In my experience, great human debuggers are born, not made, but maybe it's simply experience and getting to your 10,000 hours with your language. (I have noticed that there are a lot of articles saying that the 10,000 hours observation is wrong; I wonder how many such people have acquired their 10,000 hours.) Anyway, you need to know your tools. Nowadays, it can help to learn all about the debugging features in an IDE such as IntelliJ's IDEA. However, a person with what I would call "debugger brain" can get a lot done with print statements inserted into code. This tends to break down with code that uses threads; here, your best bet to gain expertise at debugging threaded code is to learn from Java world and Google for "java debugging threads".
The machine. You need to write some code where you get a feel for the fact that there is a machine there: CPU and memory. This could mean writing a lot of C code with The C Programming Language at your side; or it could be about writing some code for a Raspberry Pi. But somewhere along the way you need to get some experience with memory-mapped IO, the use of bitwise operators, and the call stack. If you have the energy for it, you should learn assembly. Here we're thinking about primitives: Without an operating system, how can we control access to memory? How can we simulate doing two things at once? This is a good time to learn tail recursion and some of the other things that come naturally when you exploit the machine's call stack. You might learn how to write C extensions for Ruby.
Data structures and algorithms. Good programmers have at some point or another implemented linked lists, doubly-linked lists, hash tables, binary trees, n-ary trees, and have written some sorting algorithms. Personally, I think doing this in C is the way to go, though having said that, I learned algorithms from Niklaus Wirth's Algorithms + Data Structures = Programs where the examples are in Pascal. The reason to use C for learning algorithms is that in my experience not having classes is a plus and you'll benefit from learning about pointers. At some point, browse at your library Knuth's The Art of Computer Programming. There are two tiers in courses and books on algorithms: There are the ones that define particular data structures and algorithms and challenge you to implement them; you should learn some of the qualities of good algorithm design, and get a feel for computability and get some of the lingo (Big O notation, for instance). A higher tier is proving algorithms. At this stage in your learning, focus on the first tier.
Networking and HTTP. Try Computer Networking: A Top-Down Approach (expensive; might be on the shelf at your library - the 6th edition is probably good enough). It's a textbook, but in this case, I think reading something that is "correct" is a great help. I have found that beginning developers rarely know much about HTTP, and I mean the basics: That requests and responses have headers, how HTTPS works, and so forth. Wikipedia can be very useful with these details.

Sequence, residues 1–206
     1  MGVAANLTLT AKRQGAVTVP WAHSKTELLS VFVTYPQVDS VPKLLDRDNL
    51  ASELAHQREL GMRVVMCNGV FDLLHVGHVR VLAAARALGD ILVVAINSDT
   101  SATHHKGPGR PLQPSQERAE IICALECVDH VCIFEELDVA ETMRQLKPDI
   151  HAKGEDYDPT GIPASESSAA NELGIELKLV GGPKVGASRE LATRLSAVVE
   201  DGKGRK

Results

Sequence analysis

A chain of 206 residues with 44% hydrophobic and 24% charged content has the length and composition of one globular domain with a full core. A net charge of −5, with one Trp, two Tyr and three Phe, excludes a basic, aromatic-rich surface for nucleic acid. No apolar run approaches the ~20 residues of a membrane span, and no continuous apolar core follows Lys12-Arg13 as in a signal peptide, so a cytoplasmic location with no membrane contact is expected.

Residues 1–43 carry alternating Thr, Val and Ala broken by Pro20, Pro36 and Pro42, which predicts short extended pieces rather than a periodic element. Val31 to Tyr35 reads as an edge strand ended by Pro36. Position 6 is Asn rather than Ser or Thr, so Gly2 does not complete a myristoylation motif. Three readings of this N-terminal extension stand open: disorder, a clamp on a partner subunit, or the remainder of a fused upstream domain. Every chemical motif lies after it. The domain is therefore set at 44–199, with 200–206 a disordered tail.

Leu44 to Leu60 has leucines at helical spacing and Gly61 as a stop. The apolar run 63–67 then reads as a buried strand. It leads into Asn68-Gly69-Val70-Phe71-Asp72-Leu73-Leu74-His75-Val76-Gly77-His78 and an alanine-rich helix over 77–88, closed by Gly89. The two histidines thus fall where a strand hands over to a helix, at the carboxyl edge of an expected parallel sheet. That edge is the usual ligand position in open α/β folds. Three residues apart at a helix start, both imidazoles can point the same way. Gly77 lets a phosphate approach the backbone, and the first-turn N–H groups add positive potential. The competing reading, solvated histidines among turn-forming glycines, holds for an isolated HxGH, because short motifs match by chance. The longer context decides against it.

Distributed computing. For a programmer (as opposed to a computer scientist), it is hard to beat Mikito Takada's Distributed Systems For Fun and Profit. The "Further Reading" section of this book has a nice list of seminal papers that are worth perusing. If you talk to some old-timers, you will find that a lot of their agony is tied up with distributed objects: There's a lot to learn from your older colleagues who are experts at CORBA and RMI.
Unix. My favorite book on Unix/Linux is Bruce Molay's Understanding UNIX/LINUX Programming: A Guide to Theory and Practice. He has a couple of great courses at Harvard Extension. You will also need to become very solid in shell programming. A classic is Unix Power Tools, Third Edition. I keep this book near my desk. A book that deserves a lot of credit is Mark Bates's Conquering the Command Line. Once one starts learning Unix, it's time to learn gdb, ptrace, strace, etc. Another person might recommend a book on operating system design, but I'd leave that for Phase III.
DevOps. Here you need some high-level guidance that is almost philosophical. For that, The DevOps Handbook is great but actually a little dry. Then you need to start building automation for personal projects. You must experience online products like Heroku, but you must also practice building your own cloud-based Linux systems with a tool such as Ansible. Finally, you are going to have to start taking notice of the cloud-based offerings from Amazon, Microsoft, and Google. At this point, it almost makes sense to read a certification book for AWS: There is so much detail that you need to be force-marched through the tools. Another dimension of DevOps is understanding what it means for a system to be in production and be able to scale: The key book is Nygard's Release It! (get the second edition).
And now we reach the rest of your life. You are now well-positioned to take up any book on programming and build it into this mental map. Here are some of my favorites (and I'm stretching the idea of programming here):